At Bedlington Station Primary School we know that behaviours displayed in school can have both positive and negative outcomes. Through our restorative approach, we aim to achieve a positive outcome after negative behaviours. We also recognise that most children in school follow the school rules and are unlikely to need to take part in restorative interventions and conversations. For this reason, we maintain the importance or recognising and rewarding behaviour that matches the high expectations we have. We employ several strategies to achieve this.
At Bedlington Station Primary School, we know that there are many ways children can demonstrate good behaviour and many go above and beyond our high expectations. In order to recognise this, each class uses a ‘recognition board’. This is an opportunity for every child to be acknowledged for their good behaviour. Children area added to this board during the day when they demonstrate behaviour that reflects our school rules or our values (The Guardians – Kindness, Curiosity, Bravery, Creativity and Fairness). Children are also able to recommend their peers to adults for recognition if they have seen these behaviours displayed. Children can be recognised multiple times during each day.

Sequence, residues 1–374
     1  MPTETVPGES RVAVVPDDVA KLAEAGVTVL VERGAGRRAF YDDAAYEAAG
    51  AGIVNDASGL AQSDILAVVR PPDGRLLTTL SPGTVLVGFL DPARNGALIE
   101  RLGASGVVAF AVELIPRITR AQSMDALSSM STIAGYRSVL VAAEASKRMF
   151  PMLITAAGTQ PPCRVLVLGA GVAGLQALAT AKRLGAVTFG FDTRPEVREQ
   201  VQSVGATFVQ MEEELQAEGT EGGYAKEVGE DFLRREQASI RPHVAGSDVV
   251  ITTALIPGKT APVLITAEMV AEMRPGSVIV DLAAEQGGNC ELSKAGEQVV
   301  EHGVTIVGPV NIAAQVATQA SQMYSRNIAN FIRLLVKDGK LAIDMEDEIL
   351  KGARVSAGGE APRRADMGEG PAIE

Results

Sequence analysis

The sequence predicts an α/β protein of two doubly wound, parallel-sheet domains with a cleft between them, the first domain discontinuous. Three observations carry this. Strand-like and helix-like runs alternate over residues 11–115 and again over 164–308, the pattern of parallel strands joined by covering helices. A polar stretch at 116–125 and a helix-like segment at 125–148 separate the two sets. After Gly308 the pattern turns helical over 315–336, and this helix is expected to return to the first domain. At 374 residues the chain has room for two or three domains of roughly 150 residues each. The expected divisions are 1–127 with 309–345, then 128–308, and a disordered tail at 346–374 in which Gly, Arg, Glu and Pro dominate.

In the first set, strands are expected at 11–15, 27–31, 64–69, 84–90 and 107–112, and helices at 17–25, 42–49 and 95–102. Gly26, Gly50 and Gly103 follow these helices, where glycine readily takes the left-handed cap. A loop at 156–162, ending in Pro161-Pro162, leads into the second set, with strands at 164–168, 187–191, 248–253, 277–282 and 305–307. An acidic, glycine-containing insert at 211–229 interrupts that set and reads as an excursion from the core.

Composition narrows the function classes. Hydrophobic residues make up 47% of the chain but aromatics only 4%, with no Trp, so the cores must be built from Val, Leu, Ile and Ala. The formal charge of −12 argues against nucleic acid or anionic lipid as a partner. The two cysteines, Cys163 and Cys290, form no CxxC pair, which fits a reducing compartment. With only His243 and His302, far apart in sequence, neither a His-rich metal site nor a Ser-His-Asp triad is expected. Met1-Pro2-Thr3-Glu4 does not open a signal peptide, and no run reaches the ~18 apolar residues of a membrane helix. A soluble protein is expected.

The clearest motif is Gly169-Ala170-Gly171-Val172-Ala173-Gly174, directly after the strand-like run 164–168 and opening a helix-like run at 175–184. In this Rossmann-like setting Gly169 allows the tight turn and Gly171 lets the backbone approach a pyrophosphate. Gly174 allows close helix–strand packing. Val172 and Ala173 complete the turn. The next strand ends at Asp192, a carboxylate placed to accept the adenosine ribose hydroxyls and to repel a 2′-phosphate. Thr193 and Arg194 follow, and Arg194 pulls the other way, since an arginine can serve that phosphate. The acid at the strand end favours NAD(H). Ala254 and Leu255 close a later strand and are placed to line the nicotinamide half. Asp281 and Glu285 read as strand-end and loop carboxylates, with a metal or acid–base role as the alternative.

We also recognise the children that go above and beyond our high expectations for behaviour, effort, attitude and work.Positive behaviour may be rewarded with:
Station Stars are used to reward children for all aspects of behaviour, work, attitude or for demonstrating The Guardians values. Children receive a single Station Star per reward. These are collected by each child and can be exchanged for individual prizes or for a collective reward (e.g. extra break time for their class). Station Star slips should be initialled and given to the child by the adult issuing the Station Star. When children receive a Station Star, they can also add a Station Sphere to their team’s total. Each half term, the team with the most Station Spheres receive a group reward experience such as a disco or bubble party.
Head Teacher Award certificates are presented in ‘Achievement Assembly’ each Friday. The children who receive these awards have impressed staff during the week by producing a piece of outstanding work.
Each week staff choose a child from each class who has impressed them with their exceptional behaviour during the week. This could including following the school rules or even having amazing manners. These children are invited to ‘Ice Cream Friday’ in the Rainbow Station where they create their own ice cream desserts!
Children who have displayed exceptional effort during the week are chosen by staff to attend Star Tea. These children may have found something tricky but persevered, tried their absolute best to produce the best work they could or have made a real effort to change or improve their attitude or behaviour towards something. Star Tea is hosted by Mr Burgess. Children attending Star Tea receive a certificate and can even request songs to be played!